As of June 17, the Affordable Care Act (ACA), also known as Obamacare, is still intact, and the long, drawn-out fights over the legislation seem to be at an end. The ACA survived its third major Supreme Court challenge with a 7-2 decision in its favor, meaning the comprehensive health care reform law will continue to provide health insurance to millions of Americans. Republican lawmakers have decided to no longer focus on repealing the law, despite election promises to end Obamacare.
After former President Trump’s administration successfully challenged the individual mandate in 2017, which had meant that Americans were required to have health insurance or face a tax penalty, Texas State Attorney General Ken Paxton, a Republican, filed a lawsuit claiming that Obamacare itself was unconstitutional. His argument was that, without the tax penalty, the coverage requirement is unconstitutional, thus making the whole law unconstitutional. This battle has been going on since 2018, and the Supreme Court has finally had the chance to review the case.
Why The Lawsuit Was Dismissed
The case was decided on a technicality, with 7 justices agreeing that the challengers of the 2010 law did not have the legal right to bring the case, because the plaintiffs did not experience any harm that would give them standing to challenge the law. They did not weigh in on the constitutionality of the law.
The majority opinion stated, “Plaintiffs do not have standing to challenge [the law’s] minimum essential coverage provision because they have not shown a past or future injury fairly traceable to defendants’ conduct enforcing the specific statutory provision they attack as unconstitutional… To have standing, a plaintiff must ‘allege personal injury fairly traceable to the defendant’s allegedly unlawful conduct and likely to be redressed by the requested relief’… No plaintiff has shown such an injury ‘fairly traceable’ to the ‘allegedly unlawful conduct’ challenged here.”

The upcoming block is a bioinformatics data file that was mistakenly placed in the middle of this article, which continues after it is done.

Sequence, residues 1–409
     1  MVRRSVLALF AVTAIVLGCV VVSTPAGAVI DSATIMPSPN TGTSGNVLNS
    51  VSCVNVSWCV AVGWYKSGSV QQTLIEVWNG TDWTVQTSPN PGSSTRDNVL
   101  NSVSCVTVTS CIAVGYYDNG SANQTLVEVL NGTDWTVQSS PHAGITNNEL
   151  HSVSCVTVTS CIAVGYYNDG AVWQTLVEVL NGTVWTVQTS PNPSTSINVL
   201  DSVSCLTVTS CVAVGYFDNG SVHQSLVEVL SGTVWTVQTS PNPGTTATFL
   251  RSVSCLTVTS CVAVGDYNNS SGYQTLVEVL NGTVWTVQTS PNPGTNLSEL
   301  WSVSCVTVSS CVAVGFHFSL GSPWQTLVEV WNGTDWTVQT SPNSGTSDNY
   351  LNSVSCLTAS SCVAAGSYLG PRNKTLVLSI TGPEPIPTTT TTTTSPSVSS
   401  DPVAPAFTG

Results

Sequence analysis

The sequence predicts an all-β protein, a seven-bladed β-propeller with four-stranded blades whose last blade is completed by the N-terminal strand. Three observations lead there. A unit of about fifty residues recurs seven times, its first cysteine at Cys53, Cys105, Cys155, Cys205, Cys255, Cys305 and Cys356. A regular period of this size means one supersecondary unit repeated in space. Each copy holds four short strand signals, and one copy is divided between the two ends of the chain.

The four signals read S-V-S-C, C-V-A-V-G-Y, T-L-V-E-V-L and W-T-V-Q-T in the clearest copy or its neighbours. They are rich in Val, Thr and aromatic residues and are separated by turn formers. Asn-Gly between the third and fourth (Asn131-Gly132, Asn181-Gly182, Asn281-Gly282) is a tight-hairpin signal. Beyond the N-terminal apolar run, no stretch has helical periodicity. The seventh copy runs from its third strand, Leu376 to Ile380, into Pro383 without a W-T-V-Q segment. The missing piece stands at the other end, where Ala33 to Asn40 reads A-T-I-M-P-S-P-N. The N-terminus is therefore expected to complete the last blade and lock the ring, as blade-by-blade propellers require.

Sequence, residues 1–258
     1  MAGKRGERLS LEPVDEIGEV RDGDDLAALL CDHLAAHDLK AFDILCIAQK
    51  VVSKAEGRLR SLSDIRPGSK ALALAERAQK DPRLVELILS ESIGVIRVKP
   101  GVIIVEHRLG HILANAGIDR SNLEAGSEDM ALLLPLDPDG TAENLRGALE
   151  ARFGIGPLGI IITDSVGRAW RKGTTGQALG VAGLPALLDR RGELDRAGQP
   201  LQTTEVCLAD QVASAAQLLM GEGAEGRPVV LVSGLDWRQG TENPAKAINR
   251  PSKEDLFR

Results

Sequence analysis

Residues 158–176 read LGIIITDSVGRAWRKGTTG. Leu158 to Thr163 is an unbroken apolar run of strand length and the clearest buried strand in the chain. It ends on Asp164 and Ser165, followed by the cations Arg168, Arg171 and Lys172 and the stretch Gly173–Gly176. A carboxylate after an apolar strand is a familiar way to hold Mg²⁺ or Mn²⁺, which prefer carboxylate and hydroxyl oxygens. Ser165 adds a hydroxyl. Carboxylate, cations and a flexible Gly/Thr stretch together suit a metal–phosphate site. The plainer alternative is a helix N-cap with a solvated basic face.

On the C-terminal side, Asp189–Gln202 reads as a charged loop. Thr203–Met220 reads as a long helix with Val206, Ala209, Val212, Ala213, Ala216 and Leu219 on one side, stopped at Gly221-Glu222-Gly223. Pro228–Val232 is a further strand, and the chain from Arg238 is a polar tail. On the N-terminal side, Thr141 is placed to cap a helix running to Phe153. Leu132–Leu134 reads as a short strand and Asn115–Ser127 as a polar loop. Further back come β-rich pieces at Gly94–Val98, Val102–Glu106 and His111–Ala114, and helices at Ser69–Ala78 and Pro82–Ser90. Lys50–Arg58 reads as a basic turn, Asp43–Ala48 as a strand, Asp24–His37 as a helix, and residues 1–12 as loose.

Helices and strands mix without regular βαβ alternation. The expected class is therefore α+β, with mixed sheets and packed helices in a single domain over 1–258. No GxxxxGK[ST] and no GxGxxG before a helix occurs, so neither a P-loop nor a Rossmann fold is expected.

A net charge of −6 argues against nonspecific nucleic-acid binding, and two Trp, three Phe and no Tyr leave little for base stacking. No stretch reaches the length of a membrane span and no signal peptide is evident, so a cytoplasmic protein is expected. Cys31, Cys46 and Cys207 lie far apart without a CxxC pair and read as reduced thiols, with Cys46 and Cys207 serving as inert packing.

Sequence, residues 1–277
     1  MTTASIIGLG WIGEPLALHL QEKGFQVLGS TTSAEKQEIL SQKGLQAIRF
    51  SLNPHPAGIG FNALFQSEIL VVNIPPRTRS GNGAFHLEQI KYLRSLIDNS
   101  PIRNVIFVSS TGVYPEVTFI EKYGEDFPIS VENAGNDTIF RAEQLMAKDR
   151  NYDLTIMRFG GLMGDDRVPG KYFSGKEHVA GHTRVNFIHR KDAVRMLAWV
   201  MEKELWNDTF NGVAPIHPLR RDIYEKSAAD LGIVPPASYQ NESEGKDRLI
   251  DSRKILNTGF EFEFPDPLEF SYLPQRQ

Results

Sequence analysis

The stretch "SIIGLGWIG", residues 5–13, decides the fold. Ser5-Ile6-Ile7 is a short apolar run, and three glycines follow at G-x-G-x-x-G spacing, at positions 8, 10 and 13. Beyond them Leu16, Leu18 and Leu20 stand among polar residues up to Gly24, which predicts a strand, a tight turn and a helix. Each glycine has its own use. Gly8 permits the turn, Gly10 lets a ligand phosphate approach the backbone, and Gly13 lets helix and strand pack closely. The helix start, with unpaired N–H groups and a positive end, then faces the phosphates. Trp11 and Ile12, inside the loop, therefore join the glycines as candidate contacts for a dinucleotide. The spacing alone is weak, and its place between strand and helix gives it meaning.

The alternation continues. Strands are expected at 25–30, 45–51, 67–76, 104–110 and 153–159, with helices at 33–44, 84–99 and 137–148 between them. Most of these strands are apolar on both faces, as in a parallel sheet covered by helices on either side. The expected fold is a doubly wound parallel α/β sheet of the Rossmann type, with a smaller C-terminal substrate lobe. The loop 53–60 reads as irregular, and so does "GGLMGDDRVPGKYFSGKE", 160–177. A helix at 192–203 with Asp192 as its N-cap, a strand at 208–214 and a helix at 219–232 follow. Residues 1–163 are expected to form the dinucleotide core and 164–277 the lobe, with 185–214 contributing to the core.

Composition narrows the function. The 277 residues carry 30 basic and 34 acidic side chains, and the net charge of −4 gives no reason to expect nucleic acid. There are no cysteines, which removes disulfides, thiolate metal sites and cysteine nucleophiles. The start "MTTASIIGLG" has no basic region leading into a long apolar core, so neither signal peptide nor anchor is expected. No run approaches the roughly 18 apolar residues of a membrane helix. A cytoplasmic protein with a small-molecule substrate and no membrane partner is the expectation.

Getting rid of Obamacare would have resulted in millions of Americans losing health insurance, and would have left many without the opportunity to get any; there are currently three dozen states who have opted not to establish a state exchange, so all of their residents’ only option has been to purchase an Obamacare plan. Getting rid of the law would have denied affordable health care plans to Americans whose states have refused to participate in offering exchanges.
“Congress passed the Affordable Care Act to improve health insurance markets, not to destroy them,” Chief Justice John Roberts wrote in the majority opinion.
The Future Of Obamacare
More than 25 million Americans have health insurance coverage through the ACA, and recent polling suggests that more Americans support Obamacare than oppose it. This ruling was a major win for Obamacare, and opens the door for Democratic lawmakers to extend the newly expanded subsidies for the foreseeable future, instead of allowing them to expire at the end of 2022.
“It’s our chance now to really build [on Obamacare], now that [opponents of the law have had] three strikes and…are out,” said Xavier Becerra, the secretary of Health and Human Services, and the former Attorney General of California, who stepped in with other Democratic-led states to defend the law when the Trump administration would not. “Now we know we survive, and now we build.”
Some Democratic lawmakers have taken this win as a way to push forward with universal health care coverage, but Medicare for All still faces a lot of opposition, and President Biden himself campaigned on building up Obamacare rather than pursuing a universal health care model. For now, the main focus of lawmakers is trying to make sure that Obamacare serves all Americans well.
“We’re at a moment when insurers are no longer running away from the exchanges and there’s relative stability in the individual market — and this is a moment that insurance regulators and policymakers should be asking how do your marketplace plans work better for consumers?” said Kevin Lucia, a former Obama administration health official who worked on the law’s implementation.Former President Obama agrees, saying in a tweet, “Now we need to build on the Affordable Care Act and continue to strengthen and expand it. That’s what @POTUS Biden has done through the American Rescue Plan, giving more families the peace of mind they deserve.”